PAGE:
Wednesday, September 16, 2009

The Carnival's In Town


Smile For The Camera
10 September 2009

Let's call this class to attention, as my 6th Grade teacher Miss Minter would say. I think we all loved "School Days." The new lunch pail and that giant box of crayons. This carnival was a pleasure.

Again, you have outdone yourselves presenting a very interesting and varied group of photographs depicting you, your friends, ancestors and their "School Days."

Let's open the cover of this edition of Smile For The Camera's album of "School Days." It is September after all.

Cyndi Beane Henry's submission, COG - "Smile for the Camera," posted at Mountain Genealogists shows "A photo of the Texicanwife from her high school days. Along with a little reflective poem, also by the Texicanwife." I loved the poem Cyndi. When looking in the mirror I often reflect on the same things.

Lorine McGinnis Schulze always has wonderful photographs and she doesn't disappoint in Lambton Park Toronto School Photo 1919 posted at Olive Tree Genealogy Blog. "Gangs of New York comes to Toronto Canada! 1919 class photo of my mother's cousin Doris Simpson with her schoolmates." I think many of our ancestor belonged to this gang.

Wendy Littrell presents Readin? and ?riting and ?rithmetic posted at All My Branches Genealogy. "School signals the end of summer, beginning of football season, the changing of the weather, the time to curl up with a hot mug of hot cocoa and a good book, and a reason to start making my chili!" What would our ancestors say if they knew we were posting their report cards for the whole world to see?

Missy Frye's School Days: Smile for the Camera posted at Missy's Genealogy Blog is a photograph of her 1974 Halloween Carnival. She was a flower girl! And an adorable one at that.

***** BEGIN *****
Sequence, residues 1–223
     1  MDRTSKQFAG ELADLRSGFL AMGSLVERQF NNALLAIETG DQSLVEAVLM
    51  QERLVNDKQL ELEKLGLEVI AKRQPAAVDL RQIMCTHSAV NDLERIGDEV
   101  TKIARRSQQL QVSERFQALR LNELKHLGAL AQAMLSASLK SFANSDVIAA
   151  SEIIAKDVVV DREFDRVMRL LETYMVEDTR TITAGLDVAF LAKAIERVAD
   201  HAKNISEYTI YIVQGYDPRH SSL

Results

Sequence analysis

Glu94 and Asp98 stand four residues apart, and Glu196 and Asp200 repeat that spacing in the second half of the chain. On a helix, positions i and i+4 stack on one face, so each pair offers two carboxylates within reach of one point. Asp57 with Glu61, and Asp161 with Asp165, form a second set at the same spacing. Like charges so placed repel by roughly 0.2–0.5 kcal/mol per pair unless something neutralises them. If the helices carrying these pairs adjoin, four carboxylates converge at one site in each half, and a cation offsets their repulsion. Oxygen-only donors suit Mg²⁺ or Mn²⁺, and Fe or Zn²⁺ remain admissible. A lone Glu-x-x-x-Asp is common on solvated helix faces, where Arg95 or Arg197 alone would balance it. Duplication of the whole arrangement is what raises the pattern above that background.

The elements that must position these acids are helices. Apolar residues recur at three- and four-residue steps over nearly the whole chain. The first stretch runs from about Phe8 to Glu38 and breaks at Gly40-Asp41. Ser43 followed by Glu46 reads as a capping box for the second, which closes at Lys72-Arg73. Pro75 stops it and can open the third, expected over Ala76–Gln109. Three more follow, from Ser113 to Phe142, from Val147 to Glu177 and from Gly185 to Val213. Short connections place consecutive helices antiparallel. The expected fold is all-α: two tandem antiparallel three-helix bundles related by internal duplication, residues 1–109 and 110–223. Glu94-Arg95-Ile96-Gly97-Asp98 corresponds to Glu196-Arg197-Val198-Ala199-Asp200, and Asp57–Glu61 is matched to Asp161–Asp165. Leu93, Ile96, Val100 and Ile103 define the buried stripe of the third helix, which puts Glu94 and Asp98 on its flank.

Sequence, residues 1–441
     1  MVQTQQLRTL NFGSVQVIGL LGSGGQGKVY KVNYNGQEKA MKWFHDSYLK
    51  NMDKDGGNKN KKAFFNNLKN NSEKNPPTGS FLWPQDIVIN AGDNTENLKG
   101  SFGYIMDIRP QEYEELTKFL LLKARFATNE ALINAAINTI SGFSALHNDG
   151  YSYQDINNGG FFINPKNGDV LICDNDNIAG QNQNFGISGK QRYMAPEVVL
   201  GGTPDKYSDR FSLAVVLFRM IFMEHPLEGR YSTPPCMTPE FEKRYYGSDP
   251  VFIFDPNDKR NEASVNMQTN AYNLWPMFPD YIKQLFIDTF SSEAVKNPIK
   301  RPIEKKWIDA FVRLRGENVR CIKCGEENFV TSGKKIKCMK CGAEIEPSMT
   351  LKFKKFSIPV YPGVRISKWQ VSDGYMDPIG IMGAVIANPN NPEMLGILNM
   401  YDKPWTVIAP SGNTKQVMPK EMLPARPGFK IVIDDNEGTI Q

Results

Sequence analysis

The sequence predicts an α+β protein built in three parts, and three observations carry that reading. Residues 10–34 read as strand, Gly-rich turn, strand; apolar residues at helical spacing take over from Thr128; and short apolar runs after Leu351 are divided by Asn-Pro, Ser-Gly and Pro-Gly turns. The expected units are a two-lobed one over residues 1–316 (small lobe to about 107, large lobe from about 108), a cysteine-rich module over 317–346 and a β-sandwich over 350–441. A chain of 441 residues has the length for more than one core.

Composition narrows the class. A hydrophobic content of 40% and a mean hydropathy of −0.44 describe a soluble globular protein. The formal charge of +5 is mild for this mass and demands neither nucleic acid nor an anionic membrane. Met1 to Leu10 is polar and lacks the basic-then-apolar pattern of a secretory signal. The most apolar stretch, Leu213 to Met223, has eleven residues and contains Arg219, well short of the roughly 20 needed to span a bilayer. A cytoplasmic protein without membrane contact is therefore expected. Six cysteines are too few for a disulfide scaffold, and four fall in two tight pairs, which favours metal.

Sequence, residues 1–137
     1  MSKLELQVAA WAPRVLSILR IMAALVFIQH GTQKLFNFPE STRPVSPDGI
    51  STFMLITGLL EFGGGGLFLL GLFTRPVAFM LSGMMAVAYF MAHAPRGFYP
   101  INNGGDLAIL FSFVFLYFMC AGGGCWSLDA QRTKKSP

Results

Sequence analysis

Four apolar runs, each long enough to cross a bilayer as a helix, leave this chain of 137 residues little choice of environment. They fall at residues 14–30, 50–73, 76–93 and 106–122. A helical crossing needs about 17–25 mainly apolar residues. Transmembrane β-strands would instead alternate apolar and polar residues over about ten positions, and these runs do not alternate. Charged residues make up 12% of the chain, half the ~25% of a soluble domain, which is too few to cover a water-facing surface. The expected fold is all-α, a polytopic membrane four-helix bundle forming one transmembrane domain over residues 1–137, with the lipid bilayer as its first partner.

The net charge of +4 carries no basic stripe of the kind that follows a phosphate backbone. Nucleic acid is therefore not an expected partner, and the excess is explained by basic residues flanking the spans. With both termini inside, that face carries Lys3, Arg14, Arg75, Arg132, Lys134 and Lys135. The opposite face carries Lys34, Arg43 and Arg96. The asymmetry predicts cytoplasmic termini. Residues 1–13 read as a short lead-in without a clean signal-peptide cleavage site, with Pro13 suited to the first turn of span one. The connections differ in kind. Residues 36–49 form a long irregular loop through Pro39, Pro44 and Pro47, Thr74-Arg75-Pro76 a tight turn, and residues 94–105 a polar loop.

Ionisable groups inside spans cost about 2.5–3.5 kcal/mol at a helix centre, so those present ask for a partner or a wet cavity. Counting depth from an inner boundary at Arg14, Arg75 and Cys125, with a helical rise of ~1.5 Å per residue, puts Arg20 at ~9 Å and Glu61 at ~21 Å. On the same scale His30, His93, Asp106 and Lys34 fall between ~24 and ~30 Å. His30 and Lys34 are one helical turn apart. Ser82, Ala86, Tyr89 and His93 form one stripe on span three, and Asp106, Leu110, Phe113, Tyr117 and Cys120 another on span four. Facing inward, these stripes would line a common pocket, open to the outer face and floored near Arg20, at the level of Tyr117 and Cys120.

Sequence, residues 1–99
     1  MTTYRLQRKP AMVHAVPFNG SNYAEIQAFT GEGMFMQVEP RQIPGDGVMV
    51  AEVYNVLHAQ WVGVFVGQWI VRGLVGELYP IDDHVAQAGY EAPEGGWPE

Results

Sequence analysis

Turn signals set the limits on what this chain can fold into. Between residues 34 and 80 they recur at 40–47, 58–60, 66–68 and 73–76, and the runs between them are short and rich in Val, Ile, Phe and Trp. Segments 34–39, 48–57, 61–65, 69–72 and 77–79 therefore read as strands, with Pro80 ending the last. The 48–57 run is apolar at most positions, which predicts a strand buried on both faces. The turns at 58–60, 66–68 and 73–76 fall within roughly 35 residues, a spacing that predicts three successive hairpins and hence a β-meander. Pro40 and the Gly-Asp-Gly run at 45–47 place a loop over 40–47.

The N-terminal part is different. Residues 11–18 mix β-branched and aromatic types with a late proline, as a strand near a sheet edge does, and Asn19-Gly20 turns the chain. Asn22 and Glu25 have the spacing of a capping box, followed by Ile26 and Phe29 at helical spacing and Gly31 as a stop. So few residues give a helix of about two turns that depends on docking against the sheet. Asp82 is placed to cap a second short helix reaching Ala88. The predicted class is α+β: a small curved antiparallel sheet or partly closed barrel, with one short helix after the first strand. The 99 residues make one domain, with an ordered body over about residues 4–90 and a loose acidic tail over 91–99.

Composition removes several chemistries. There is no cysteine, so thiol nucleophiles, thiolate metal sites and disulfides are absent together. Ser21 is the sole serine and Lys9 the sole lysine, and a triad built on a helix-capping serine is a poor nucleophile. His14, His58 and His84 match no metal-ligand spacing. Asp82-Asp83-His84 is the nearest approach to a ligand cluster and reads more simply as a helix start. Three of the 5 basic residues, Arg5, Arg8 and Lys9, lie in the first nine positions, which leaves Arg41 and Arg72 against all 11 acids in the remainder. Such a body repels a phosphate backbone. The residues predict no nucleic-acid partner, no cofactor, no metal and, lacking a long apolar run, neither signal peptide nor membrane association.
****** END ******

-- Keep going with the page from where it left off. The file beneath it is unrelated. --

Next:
Dru Pair presents Memory Monday: A Demonstration of Love posted at Find Your Folks. Professor Dru writes a heartfelt article about the love and care shown to her by a group of high school friends. Friends still. You made me feel good, Dru. Often, life is good.

Midge Frazel presents Grandmother's School Photo posted at Granite in My Blood. Grandmother's School Photo is an old-fashioned look back and elementary school group photos. Is this an all-girls school or maybe a Sunday School class sitting on the steps of a house? Whichever it is, it sure is cute!

Cindy Curtin presents Wordless Wednesday - Back To School!! posted at Everything's Relative - Researching Your Family History. The Fourth Grade Class, Rockville, Maryland Elementary School. Ah, youth and a great photograph!

Henk van Kampen shows us a group of third grade MULO (high school) pupils from the Klokkenberg MULO in Nijmegen in his post School days at Roots. The start of school is the same all over the world and Henk shows us the photographic proof.

Frances Ellsworth tells us she survived the School Pictures Record How We Grow posted on her blog Branching Out Through The Years. I too remember the night before my school photograph and for me it got worse with age. Frances and her three sets of photographs obviously got better with age.